Slow Cooker Texas Chili Recipe

Who doesn’t love a big bowl of chili on a cold winter night?

Pretty much no one. And if you don’t love chili, well . . . I am sorry. 🙂 Thankfully we have lots of other recipes on our site that you can check out!

With the holidays being such a crazy time of year, this meal is perfect. You basically dump it in and go about your day then when dinnertime rolls around, it’s ready when you are!
We have a couple of different recipes for chili, but this is my new favorite! I am a sucker for green chilis and this has a couple of different ingredients that make it amazing. Serve with cheese, sour cream, green onions, and a bag of Fritos corn chips (they are so good with chili- trust me!) and you are good to go!

Serves: 6-8

Slow Cooker Texas Chili Recipe

15 minPrep Time

6 hrCook Time

6 hr, 15 Total Time

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  • 1 pound ground beef
  • 1 large onion, diced
  • 2 green bell peppers, diced
  • 1 (4 ounce) can diced green chili peppers
  • 1 (14 ounce) can beef broth
  • 1 (15 ounce) can pinto beans, drained and rinsed
  • 1 (14 ounce) can diced tomatoes, undrained
  • 2 (8 ounce) cans tomato sauce
  • 1 (6 ounce) can tomato paste
  • 3 teaspoons minced garlic
  • 1 Tablespoon cumin
  • 2 Tablespoons chili powder
  • 1 Tablespoon sugar
  • 1 teaspoon salt
  • 1 teaspoon ground pepper
  • dash red pepper flakes, optional


  1. In a large saucepan, brown ground beef and diced onion. Add to slow cooker.
  2. Pour remaining ingredients on top and cook on low for 4-6 hours.
  3. Serve with shredded cheese, sour cream, green onions, and a bag of Fritos corn chips - or any of your other favorite toppings.

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14 Responses to “Slow Cooker Texas Chili Recipe”

    • Unfairbeef
      I wish people would stop saying this. We have clearly moved to a point in history where recipes can have minor differences and still be classified as the same dish. Especially chili. When you speak of chili without beans, you actually mean to reference chili gravy; meant to go on or with something, even beans. Do people even have any reason for this? Is a hamburger not a hamburger because it has ketchup on it? I just feel like people parrot this comment without reason. Do the beans fundamentally change the chili? Does it taste and appear completely differently? Then, why are people trying to say it's something else and not chili?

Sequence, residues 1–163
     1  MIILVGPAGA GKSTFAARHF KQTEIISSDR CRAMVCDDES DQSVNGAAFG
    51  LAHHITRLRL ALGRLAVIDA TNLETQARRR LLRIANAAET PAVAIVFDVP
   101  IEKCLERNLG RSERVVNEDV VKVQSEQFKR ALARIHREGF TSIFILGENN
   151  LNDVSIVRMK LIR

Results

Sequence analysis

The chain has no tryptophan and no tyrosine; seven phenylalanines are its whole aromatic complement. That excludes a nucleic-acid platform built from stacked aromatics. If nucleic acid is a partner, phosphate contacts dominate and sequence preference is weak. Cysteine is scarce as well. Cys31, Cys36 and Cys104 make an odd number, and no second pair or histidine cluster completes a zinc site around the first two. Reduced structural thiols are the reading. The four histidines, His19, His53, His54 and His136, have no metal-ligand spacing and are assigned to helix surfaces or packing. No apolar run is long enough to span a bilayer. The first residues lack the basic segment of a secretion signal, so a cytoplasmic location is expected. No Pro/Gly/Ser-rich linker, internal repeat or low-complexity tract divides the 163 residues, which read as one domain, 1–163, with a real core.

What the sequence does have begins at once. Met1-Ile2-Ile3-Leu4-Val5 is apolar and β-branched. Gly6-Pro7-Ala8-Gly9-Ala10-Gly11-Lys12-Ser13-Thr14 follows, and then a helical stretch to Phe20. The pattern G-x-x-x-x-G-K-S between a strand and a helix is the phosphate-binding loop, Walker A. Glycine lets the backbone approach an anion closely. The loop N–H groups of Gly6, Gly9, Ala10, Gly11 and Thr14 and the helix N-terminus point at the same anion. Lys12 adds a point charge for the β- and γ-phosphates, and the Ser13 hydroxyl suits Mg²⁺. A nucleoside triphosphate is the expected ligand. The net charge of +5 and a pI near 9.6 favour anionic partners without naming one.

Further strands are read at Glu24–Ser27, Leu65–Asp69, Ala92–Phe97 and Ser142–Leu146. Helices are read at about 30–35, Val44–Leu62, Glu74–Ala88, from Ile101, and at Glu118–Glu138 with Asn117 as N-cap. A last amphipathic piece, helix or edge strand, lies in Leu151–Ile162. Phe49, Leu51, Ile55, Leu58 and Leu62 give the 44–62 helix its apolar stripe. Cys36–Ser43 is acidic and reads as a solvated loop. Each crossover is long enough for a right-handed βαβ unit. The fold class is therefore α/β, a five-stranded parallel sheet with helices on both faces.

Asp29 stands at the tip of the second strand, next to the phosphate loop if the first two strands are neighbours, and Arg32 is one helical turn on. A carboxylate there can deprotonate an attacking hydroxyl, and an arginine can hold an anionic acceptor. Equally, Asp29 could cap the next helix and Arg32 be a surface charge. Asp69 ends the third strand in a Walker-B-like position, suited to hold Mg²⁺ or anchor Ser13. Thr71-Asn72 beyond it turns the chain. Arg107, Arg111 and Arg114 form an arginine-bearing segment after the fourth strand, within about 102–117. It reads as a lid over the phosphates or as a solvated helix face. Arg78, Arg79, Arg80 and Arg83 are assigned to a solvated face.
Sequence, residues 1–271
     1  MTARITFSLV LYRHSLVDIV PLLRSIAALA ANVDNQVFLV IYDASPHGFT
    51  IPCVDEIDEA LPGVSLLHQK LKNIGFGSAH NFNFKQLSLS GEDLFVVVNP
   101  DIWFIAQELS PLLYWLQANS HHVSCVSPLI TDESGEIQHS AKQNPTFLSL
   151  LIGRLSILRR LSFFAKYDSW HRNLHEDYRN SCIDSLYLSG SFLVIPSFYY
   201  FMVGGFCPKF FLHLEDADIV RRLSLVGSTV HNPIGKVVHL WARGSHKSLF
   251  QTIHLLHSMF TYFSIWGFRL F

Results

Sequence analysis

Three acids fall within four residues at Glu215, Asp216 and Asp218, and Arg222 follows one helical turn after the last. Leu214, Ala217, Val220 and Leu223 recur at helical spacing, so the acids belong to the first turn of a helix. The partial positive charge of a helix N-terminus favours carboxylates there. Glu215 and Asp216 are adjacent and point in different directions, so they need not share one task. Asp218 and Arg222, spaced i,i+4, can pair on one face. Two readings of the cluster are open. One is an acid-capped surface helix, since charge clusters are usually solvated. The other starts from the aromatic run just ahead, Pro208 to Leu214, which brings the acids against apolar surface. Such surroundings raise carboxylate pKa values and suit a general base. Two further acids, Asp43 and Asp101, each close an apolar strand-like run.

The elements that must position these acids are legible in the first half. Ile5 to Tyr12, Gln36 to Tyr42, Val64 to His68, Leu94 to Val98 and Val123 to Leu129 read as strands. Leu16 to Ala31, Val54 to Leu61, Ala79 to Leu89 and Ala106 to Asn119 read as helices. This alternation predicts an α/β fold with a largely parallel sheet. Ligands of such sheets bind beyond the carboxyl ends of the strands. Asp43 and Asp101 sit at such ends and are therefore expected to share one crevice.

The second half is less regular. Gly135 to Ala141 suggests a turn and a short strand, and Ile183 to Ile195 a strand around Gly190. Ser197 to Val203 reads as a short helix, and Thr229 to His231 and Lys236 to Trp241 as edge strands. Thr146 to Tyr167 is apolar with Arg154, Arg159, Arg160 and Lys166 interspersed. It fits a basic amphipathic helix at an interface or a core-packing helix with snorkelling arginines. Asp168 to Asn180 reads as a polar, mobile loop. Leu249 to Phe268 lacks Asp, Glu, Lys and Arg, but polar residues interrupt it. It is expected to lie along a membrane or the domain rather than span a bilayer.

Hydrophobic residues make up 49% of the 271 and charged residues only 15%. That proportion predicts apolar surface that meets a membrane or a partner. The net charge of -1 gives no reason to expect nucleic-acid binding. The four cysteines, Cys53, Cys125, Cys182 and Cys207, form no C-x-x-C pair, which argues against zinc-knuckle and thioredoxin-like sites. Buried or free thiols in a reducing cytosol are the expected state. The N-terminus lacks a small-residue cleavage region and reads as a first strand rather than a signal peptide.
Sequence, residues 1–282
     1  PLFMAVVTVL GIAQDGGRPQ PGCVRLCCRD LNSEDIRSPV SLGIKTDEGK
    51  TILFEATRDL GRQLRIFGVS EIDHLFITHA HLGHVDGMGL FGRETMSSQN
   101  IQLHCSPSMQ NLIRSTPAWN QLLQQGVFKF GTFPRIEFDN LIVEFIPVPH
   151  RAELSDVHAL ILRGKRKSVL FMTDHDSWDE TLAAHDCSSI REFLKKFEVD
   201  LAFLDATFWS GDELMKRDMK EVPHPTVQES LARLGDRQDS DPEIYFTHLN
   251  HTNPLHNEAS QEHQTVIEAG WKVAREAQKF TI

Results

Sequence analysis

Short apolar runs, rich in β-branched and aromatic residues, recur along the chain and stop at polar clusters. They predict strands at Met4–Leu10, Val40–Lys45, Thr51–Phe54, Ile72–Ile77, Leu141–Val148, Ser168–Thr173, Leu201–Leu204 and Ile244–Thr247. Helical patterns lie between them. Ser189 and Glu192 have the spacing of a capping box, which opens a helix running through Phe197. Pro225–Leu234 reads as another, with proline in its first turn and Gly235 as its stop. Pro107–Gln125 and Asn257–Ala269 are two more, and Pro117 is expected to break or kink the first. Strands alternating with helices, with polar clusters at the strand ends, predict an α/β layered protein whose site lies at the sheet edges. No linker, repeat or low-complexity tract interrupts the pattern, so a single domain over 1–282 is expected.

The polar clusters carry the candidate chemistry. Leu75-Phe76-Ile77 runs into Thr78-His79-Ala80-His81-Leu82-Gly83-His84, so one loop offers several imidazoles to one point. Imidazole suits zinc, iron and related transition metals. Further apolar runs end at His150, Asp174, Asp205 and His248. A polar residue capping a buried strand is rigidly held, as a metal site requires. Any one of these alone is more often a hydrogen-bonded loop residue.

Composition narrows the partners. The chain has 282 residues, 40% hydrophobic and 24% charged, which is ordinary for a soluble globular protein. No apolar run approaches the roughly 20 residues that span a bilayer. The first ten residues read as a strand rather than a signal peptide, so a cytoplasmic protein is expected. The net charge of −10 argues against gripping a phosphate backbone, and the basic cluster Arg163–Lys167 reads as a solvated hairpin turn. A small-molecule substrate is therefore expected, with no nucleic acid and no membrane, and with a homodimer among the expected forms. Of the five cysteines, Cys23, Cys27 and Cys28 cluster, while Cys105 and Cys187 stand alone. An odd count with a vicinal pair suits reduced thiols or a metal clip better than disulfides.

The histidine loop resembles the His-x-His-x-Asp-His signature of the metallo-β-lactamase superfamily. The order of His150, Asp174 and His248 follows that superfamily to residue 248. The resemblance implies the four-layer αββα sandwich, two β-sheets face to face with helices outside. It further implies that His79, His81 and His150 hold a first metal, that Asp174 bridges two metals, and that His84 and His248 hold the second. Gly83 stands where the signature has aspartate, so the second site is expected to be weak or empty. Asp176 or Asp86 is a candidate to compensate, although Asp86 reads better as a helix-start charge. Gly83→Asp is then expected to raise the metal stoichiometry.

1. I commented once but included a link and I guess maybe that isn't allowed (comment isn't showing). Anyhow, no one alive today was there when the first bowl of chili was invented so there should be no arguing as to whether or not beans were or were not included. Both are delicious in my opinion so who really cares? *shrug* Certainly not me! Interesting read on chili cook off dot com backslash history backslash history_ of_ chili dot asp
  2. Well, I am 100% from Texas and I eat chili both ways. I agree, surely we have evolved past certain stereotypes and "rules". If you like beans, add beans. If you don't, leave them out! The beans do not make or break a bowl of chili! Its all about the meat and the seasonings. Personally, I think adding beans just ups the protein without adding additional calories from meat.
  3. To answer your Q, there is no reason to call this Texas chili. I was born, raised, live in Texas. If the folks did their research, they would find chili was born in Texas. On the cattle trail, they had plenty of beans and they had beans in the chili. Very seldom did they have tomatoes. No time to plant a garden. No ground beef. They used chunks of beef, dried peppers, onions, even added potatoes and most anything they had, such as prickly pear. Soaked the juices with campfire sourdough bread. Personally, I like beans in my chili.
    • Phillip Vierke
      Fred is absolutely right. His answer and reasoning for it are sound. I arrived in Texas in 1983 and I can assure you of this. If you mention ground beef in the same sentence as chili a true Texan will grab you up and tie you to the nearest whipping post until you can recite the Texas chili recipe, beans or not, flawlessly! Not too sure about the taters, but if not in the pot how about chili over hash browns instead of rice? Just thinking! By the way, Phil's 1st. rule of cooking: You're not really cooking until you mess with it and make it yours!
    • Kristin
      I just wanted to thank you for being the 1st in the comments to actually talk about the recipe and not continue to bicker back and forth about the bean issue. It's sad that today people always have to make something out of nothing, and people always have something to say about someone or something! When I came across this recipe it NEVER ONCE crossed my mind about the bean issue. Just simply looking for an easy crock pot "chili"! Thank you again!

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